Mayor Lightfoot and Chicago Public Schools Announce District’s Lowest-Ever One-Year Dropout Rate 


Improvements Driven by African American and Latino Males
FOR IMMEDIATE RELEASE: 
Thursday, August 22, 2019

CPS Office of Communications
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CHICAGO – Mayor Lori E. Lightfoot and Chicago Public Schools announced today that the district’s one-year dropout rate has reached an all-time low of 6.0 percent, which was driven by progress made by African American and Latino males. Providing support to students who are most at-risk of dropping out through a focus on social and emotional learning, strong partnerships like Becoming a Man and Working on Womanhood, and the district’s commitment to restorative practices has led to a nearly 50 percent reduction in the percent of students who drop out over the course of a year compared to 2011.

"CPS' teachers, support staff and principals are transforming the lives of our young people, helping them to recognize their potential and inspire more opportunities for their future,” said Mayor Lightfoot. “The record-low one-year dropout rate is a reflection of our collective commitment to ensure that every student, regardless of zip code or household income is on a pathway not only to graduation, but also to a viable future post-graduation."   

The district’s one-year dropout rate decreased by 0.4 percentage points, from 6.4 percent in 2018 to 6.0 percent in 2019, which was driven by progress made by African American and Latino males, whose one-year dropout rate both decreased by 0.5 percentage points (9.5 percent to 9 percent; 6.5 percent to 6 percent, respectively) between the 2017-18 and 2018-19 school years. This year’s dropout rate of 6.0 percent marks a 46 percent reduction from the dropout rate of 11.2 percent in 2011, with the number of students dropping out in a year reduced by more than half.

The one-year dropout rate measures the percent of students who drop out over the course of a given year, as opposed to the cohort dropout rate which reflects multiple years and aligns with the annual cohort graduation rate.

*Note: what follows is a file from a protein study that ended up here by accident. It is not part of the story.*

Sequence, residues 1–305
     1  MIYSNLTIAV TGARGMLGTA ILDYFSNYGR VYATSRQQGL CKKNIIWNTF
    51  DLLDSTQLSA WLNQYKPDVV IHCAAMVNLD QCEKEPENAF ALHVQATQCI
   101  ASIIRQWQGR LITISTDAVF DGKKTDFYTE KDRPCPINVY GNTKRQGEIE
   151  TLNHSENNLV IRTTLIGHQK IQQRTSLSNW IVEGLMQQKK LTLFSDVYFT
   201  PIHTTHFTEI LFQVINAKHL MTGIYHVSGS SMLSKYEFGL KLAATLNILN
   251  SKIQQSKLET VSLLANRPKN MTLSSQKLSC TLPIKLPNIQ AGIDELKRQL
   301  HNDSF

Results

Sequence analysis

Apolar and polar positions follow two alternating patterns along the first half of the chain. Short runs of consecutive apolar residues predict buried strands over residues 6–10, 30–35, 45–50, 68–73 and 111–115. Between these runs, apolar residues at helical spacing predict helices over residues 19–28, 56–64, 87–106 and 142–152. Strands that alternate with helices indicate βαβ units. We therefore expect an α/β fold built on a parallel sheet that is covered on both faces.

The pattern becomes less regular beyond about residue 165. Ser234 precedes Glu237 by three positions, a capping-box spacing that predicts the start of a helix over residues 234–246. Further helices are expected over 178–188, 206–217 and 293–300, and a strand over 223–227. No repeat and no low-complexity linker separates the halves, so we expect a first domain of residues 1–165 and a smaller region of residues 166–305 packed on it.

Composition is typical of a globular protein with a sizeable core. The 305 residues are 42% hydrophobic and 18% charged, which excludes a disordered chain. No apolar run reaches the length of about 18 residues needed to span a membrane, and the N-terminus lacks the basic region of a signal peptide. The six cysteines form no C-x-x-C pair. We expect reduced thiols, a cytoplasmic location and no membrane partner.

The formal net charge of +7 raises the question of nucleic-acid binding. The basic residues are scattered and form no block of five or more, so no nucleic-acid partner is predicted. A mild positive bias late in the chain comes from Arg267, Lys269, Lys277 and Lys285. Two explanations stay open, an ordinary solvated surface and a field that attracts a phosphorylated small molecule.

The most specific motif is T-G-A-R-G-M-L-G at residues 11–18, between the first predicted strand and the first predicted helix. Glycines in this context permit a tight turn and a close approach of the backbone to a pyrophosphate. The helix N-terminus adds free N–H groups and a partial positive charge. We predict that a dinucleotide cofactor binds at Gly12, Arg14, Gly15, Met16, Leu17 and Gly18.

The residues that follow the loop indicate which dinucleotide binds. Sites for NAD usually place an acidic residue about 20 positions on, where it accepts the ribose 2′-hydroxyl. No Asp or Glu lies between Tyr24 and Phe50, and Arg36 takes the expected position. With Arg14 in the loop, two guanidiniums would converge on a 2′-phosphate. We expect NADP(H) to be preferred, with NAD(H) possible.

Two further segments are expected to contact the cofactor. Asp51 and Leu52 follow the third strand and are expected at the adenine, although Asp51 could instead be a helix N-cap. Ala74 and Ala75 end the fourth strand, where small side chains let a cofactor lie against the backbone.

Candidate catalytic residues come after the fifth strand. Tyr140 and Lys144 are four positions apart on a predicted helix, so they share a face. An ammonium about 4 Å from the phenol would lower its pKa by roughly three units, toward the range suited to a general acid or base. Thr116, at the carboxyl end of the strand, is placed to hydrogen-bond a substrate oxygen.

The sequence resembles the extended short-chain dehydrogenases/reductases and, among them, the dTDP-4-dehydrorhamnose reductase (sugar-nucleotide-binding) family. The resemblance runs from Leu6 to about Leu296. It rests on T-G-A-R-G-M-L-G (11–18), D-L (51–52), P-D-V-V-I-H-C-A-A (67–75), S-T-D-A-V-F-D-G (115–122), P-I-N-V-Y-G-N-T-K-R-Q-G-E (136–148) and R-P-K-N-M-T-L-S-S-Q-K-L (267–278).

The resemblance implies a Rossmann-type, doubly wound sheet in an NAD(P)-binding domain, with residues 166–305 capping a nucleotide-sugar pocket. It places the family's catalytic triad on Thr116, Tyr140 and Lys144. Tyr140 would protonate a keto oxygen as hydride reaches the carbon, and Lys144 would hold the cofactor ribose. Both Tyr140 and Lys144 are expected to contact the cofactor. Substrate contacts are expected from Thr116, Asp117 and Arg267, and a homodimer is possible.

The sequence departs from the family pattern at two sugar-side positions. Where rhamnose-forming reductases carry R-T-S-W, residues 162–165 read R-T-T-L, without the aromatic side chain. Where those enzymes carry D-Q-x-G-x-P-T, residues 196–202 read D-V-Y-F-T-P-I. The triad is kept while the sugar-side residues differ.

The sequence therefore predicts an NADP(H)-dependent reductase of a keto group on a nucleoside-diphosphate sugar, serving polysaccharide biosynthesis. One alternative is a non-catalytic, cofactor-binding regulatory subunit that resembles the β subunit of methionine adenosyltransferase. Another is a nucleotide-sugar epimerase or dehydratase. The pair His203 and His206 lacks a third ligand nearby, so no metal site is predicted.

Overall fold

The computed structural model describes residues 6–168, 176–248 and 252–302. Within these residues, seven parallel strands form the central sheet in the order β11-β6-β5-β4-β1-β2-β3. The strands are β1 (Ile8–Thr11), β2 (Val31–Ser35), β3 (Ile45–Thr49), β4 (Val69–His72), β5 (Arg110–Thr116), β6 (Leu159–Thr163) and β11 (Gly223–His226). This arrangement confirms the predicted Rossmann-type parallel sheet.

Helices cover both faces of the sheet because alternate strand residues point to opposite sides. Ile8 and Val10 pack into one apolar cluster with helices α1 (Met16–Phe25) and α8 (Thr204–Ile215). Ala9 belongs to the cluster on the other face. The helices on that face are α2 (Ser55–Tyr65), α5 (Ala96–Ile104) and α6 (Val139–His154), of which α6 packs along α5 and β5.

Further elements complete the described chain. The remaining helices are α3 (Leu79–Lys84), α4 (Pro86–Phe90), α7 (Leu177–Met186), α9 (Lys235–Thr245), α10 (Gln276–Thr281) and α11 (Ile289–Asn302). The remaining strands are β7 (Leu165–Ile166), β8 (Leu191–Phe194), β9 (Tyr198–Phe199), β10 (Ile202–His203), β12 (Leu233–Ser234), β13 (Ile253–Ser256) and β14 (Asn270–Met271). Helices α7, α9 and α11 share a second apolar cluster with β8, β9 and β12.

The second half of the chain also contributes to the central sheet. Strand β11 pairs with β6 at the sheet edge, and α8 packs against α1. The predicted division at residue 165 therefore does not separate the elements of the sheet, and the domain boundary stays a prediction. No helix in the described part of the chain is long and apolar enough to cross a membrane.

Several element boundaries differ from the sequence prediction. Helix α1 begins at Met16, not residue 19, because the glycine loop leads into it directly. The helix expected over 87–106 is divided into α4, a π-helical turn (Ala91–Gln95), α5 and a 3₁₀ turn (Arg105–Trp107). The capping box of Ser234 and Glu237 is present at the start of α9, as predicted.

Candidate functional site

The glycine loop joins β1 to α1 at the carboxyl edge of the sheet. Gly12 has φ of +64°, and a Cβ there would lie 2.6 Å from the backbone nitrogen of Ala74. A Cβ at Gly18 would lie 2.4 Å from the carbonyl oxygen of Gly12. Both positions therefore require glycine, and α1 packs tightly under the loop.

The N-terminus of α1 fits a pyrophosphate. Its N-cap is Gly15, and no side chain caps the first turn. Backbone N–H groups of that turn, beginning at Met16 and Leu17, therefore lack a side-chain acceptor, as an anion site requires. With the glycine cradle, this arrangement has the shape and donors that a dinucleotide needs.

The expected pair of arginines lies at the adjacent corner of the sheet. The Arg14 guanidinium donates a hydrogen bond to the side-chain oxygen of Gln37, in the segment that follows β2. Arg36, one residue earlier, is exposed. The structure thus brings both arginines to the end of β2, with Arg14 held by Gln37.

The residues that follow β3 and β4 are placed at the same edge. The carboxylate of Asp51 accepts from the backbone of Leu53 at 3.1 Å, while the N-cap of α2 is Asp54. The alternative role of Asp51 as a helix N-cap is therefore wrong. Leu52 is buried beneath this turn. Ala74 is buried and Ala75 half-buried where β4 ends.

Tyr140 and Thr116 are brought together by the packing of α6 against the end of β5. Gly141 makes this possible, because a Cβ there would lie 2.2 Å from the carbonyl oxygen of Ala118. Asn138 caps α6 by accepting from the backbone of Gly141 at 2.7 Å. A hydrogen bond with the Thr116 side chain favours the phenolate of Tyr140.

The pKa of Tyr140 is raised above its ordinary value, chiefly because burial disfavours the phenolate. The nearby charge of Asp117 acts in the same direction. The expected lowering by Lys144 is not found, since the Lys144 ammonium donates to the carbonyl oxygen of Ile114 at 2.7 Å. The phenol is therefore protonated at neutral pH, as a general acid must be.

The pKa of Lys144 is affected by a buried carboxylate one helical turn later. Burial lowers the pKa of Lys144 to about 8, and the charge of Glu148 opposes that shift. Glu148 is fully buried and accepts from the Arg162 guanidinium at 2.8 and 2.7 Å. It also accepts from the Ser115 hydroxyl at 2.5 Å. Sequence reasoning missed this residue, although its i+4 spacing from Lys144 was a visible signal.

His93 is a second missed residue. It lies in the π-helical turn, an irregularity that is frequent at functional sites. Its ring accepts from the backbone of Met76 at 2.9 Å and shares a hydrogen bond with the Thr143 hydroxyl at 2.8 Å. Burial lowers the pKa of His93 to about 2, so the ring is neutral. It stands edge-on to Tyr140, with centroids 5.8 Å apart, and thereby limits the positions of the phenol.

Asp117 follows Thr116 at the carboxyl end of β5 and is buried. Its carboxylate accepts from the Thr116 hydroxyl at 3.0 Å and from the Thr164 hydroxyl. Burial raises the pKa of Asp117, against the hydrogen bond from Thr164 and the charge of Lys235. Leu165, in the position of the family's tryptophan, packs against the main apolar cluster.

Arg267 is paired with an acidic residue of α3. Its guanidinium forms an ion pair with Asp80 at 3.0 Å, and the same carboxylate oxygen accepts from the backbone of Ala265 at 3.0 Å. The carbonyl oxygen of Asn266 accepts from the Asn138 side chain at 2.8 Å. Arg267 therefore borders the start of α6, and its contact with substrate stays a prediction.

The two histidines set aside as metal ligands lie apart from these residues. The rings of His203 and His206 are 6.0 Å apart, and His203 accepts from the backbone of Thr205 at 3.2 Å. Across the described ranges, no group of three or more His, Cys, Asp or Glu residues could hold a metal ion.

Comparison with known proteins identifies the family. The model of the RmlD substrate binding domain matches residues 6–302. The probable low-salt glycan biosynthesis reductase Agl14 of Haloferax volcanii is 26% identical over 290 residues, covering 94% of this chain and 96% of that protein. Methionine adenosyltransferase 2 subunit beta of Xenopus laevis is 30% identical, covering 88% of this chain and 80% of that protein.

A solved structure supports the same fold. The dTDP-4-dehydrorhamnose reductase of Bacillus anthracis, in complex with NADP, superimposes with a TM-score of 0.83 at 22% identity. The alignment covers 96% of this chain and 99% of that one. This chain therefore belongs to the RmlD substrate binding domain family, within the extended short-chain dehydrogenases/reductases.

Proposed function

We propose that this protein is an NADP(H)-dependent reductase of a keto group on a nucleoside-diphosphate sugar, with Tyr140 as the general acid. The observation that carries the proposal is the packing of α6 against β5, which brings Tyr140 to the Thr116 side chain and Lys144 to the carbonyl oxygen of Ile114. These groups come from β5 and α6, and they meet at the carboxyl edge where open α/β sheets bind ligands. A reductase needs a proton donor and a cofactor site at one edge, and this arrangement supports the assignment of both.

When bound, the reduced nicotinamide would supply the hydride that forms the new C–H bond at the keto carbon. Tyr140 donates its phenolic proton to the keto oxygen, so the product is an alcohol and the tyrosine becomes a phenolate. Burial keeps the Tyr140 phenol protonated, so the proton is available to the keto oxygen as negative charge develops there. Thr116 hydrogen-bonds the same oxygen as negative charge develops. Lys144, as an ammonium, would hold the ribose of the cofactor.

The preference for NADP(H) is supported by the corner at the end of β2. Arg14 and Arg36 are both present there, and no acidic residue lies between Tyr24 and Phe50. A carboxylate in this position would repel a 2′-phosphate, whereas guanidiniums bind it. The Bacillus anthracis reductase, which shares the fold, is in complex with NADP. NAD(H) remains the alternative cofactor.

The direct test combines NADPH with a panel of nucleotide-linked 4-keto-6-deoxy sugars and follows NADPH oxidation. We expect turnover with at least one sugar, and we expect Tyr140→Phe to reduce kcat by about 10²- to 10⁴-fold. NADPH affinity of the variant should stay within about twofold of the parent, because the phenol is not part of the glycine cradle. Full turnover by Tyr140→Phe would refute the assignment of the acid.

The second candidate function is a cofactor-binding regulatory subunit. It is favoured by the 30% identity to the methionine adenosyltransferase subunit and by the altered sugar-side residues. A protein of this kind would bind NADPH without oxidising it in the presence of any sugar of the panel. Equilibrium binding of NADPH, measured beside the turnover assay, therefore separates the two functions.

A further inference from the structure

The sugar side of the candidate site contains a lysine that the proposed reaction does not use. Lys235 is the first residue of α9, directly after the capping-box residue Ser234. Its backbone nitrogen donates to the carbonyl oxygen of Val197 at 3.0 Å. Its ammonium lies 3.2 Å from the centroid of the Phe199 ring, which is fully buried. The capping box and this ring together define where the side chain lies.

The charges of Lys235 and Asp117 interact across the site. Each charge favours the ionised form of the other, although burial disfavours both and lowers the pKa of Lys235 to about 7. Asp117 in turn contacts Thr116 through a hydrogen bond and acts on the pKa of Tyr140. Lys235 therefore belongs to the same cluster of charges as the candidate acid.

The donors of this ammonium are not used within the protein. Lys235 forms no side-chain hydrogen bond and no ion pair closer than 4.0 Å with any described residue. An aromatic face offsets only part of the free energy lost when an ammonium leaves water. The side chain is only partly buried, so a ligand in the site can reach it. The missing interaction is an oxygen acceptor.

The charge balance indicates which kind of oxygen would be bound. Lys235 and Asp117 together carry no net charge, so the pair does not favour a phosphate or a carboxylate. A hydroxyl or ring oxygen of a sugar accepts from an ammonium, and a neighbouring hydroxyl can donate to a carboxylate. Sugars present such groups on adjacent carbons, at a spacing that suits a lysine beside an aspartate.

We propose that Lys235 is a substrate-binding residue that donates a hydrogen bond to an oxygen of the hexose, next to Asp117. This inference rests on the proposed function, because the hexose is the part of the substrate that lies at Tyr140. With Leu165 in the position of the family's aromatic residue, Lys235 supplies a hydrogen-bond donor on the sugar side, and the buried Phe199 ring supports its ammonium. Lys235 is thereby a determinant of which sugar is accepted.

“Through expanding access to rigorous academic programs, increasing staffing to support student needs and magnifying our focus on equity, social and emotional learning and restorative justice, CPS is keeping more students in the classroom year after year and creating strong, student-centered schools in every neighborhood across the city,” said CPS CEO Dr. Janice K. Jackson.  

In order to continue building upon the district’s progress, CPS has prioritized initiatives centered on equity that are focused on engaging the district’s most vulnerable youth who are most likely to drop out of high school. Recently, the district established a partnership with the University of Chicago Education Labs to evaluate how Options Schools can provide the best possible educational experience and social-emotional support to the city’s most vulnerable students. The City of Chicago and Chicago Public Schools also launched a groundbreaking initiative called Summer for Change for students who are at the highest risk of being impacted by gun violence. The six-week program provided youth with access to individualized mentoring, group-based therapy, educational opportunities, enrichment activities and more. The district and the City of Chicago have also made a commitment to expand school resources, including adding at least 200 social worker positions to CPS schools over the next five years.  

The district has also taken steps to prioritize academic equity, including the establishment of the Office of Equity, which is designed to help address the opportunity gap and ensure students are equitably receiving the resources and support they need to succeed. Key initiatives centered on equity include: 
  • Curriculum Equity Initiative: The Curriculum Equity Initiative will create a standards-aligned, culturally relevant library of teacher resources to ensure that students in every part of Chicago can benefit from a high-quality curriculum and instructional resources. 
  • Equity Grants: To ensure that students who attend schools with low and declining enrollment receive the benefits that students attending larger schools receive, CPS is providing $31 million in equity grant funding to 219 elementary and high schools that need additional support. 
  • Largest-Ever Program Expansion: To build on the record-setting academic progress being made in Chicago schools, the district awarded new academic programs to benefit nearly 17,000 CPS students at 32 schools across the city as part of the largest-ever program expansion in district schools.
The one-year dropout rate data for the 2018-19 school year is available at cps.edu/schooldata.

Chicago Public Schools serves 361,000 students in 644 schools. It is the nation’s third-largest school district. 

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Page Last Modified on Thursday, August 22, 2019